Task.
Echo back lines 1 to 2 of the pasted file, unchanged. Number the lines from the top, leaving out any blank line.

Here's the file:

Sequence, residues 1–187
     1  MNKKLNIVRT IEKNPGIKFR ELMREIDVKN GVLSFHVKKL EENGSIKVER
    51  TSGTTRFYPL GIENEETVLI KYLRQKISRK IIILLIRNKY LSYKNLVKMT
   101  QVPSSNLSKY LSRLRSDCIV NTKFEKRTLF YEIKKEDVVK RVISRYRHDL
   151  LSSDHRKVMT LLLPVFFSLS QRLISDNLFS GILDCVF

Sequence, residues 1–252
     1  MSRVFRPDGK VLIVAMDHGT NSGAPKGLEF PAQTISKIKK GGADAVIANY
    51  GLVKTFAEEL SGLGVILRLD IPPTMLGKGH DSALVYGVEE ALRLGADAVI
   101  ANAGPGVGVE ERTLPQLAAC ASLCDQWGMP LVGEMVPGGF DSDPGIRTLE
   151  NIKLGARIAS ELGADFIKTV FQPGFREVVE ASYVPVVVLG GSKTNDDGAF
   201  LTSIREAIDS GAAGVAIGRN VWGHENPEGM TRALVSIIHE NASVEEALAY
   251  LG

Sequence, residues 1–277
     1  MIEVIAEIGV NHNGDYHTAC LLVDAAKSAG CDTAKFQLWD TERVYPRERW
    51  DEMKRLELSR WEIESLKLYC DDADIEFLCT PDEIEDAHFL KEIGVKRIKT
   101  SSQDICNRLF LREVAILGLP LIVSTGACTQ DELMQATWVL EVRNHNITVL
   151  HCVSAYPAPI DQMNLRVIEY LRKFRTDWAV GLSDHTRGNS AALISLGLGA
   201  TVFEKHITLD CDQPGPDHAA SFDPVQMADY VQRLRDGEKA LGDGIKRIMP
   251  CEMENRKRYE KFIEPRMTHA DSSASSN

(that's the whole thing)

Sequence, residues 1–187
     1  MNKKLNIVRT IEKNPGIKFR ELMREIDVKN GVLSFHVKKL EENGSIKVER